So your party now knows each other a bit better (as do you), but what are they all doing here in the first place? Your characters were gathered because they've been hired by the city to investigate an outpost of soldiers that have stopped reporting in. This outpost is out near the Badlands where all kinds of creatures call home. This quest is what leads you to discovering that a race of creatures known as the Soraks have reappeared and are terrorizing the lands. Previously, the Soraks were believed to be only bogeyman-like monsters, stories told to children to get them in bed at night. The Soraks are the main enemy throughout Solasta's campaign.
Interacting With the World in Solasta
While dialog and investigation was very briefly touched upon in the Steam demo, at the outpost we were shown off a number of ways that stats and character backgrounds can affect the plot. A character with the Spy background was able to use a password, and those with high charisma might get special prompts. But it's also not just a numbers game. It was explained that one of the dialog checks was possible, but with an incredible high DC like 30. While the game is primarily about the numbers, there will also be situations where you need to read the room and pick an appropriate choice.
The rationale behind an almost-impossible check is to make sure players aren't brute forcing their way through the game with one very high-stat character. You need to know the situation, relationships between characters, and pick the right options to fit the conversation. Any time in a conversation a stat needs to be rolled, it's always rolled using the modifiers of the character most proficient in it.
Another feature shown off during the showcase was the Quest Log, Adventure Log, and Bestiary. The Quest Log will show you your different main and side objectives as you'd expect, and the Adventure Log shows you everything you've done. This Adventure Log goes DEEP too; every choice made, dialogue had, places traveled are all logged day to day. No matter how long you might put this game down between Early Access and its full release in 2021 or even between sessions, you can look back and see what you were getting up to.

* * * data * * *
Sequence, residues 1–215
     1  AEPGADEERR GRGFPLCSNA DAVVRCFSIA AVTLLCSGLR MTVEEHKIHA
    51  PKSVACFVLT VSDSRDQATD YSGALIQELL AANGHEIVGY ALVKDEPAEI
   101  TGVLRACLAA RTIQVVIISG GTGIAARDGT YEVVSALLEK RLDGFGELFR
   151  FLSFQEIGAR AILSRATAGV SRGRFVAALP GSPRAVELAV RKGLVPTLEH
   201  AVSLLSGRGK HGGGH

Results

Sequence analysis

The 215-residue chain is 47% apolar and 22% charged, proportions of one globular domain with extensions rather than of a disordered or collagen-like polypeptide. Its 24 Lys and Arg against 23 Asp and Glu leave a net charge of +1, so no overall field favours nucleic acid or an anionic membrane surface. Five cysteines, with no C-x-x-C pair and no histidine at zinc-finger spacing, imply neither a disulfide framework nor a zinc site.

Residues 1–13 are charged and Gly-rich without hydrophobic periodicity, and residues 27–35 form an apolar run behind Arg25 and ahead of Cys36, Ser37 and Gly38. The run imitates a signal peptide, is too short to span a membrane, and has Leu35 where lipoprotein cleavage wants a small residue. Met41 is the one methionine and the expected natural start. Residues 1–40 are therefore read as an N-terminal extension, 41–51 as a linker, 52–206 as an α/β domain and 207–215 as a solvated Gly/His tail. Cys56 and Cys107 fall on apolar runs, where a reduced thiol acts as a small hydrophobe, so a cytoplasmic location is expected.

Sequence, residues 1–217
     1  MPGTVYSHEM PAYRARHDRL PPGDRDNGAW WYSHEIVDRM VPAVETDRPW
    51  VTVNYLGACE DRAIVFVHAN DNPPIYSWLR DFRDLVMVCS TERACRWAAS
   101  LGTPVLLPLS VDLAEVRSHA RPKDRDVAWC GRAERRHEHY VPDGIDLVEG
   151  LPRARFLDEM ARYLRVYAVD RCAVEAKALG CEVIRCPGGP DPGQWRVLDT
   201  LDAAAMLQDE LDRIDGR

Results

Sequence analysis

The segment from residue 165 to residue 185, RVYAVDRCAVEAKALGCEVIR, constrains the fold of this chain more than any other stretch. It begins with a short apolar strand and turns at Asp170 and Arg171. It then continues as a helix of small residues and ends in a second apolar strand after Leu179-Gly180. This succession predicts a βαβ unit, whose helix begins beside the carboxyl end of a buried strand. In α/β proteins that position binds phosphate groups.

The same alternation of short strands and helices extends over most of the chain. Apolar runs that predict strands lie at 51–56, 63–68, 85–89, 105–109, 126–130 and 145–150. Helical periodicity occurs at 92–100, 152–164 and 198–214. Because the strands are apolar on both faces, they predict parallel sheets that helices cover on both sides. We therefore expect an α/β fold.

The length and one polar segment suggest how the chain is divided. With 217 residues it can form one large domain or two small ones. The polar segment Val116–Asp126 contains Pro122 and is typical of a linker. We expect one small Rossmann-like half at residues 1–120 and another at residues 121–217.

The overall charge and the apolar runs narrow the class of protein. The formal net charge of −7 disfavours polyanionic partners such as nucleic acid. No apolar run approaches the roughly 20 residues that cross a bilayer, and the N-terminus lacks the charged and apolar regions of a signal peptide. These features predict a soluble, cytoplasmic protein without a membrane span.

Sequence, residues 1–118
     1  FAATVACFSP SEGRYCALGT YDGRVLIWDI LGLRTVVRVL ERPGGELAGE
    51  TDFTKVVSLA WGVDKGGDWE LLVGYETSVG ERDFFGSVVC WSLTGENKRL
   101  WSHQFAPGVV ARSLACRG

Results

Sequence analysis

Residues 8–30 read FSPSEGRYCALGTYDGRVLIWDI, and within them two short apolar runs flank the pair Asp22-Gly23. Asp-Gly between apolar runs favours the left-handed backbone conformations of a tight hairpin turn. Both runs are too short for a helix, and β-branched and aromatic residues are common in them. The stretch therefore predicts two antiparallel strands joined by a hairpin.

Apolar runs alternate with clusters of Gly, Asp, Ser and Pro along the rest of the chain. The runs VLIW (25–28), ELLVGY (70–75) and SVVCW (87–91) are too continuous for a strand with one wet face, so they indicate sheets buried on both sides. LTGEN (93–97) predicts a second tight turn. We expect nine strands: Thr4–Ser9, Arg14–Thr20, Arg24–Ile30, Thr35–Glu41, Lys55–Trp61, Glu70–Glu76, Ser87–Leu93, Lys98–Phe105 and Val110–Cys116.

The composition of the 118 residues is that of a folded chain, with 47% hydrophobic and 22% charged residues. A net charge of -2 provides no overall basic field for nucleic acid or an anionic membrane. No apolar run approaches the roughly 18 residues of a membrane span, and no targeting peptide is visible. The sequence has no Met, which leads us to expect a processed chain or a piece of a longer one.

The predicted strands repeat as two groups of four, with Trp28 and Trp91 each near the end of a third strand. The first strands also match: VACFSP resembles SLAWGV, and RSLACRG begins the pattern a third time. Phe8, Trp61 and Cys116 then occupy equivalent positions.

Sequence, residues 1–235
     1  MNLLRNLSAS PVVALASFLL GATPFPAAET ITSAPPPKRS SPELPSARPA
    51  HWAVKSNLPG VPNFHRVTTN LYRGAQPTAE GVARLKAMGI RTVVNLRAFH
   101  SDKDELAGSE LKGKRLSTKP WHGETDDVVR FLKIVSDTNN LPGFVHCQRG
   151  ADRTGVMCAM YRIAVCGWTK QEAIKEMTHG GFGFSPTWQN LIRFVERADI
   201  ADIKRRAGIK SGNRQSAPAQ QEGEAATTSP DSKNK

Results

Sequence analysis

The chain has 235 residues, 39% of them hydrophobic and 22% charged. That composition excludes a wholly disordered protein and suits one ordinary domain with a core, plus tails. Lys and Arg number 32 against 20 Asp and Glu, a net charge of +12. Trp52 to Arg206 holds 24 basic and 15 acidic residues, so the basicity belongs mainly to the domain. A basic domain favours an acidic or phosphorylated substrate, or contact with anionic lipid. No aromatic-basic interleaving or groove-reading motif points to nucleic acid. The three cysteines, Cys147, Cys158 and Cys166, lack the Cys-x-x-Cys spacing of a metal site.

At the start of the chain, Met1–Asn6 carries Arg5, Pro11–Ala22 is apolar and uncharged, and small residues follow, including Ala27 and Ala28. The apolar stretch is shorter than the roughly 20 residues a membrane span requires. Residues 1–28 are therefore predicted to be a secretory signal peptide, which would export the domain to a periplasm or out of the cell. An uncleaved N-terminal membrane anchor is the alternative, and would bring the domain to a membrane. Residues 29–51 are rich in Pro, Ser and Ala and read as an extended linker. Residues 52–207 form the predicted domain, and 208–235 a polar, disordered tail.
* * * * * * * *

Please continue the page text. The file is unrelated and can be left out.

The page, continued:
The Bestiary logs all of the creatures you've fought in battle; after first taking on an enemy you'll only have the base information. After repeated encounters and some good survival rolls, you'll get to learn creatures' AC, average health, stat blocks, and even weaknesses and resistances. The kinds of things you'd begin to slowly learn through playing the game naturally will be taught to your characters. This knowledge about enemies also turns around and has an added effect in gameplay. When your ranger picks their Favored Foe, that damage increases with your knowledge.
We're less than a week now from the launch of Solasta: Crown of the Magister onto Steam Early Access. It will be available for $34.99 during Early Access and will increase to a currently unknown amount at launch. The Early Access edition of the game is planned to have about 10 hours' worth of combat, depending on how quickly you get through combat. Tactical Adventures is expecting the Early Access period to last at least six months, giving them enough time to work on feedback from the community, but not long enough that it looks like it's not going to come out.
Are you excited to get your hands on Solasta next week? Is there anything that you didn't see in the demo you're hoping is in the full release?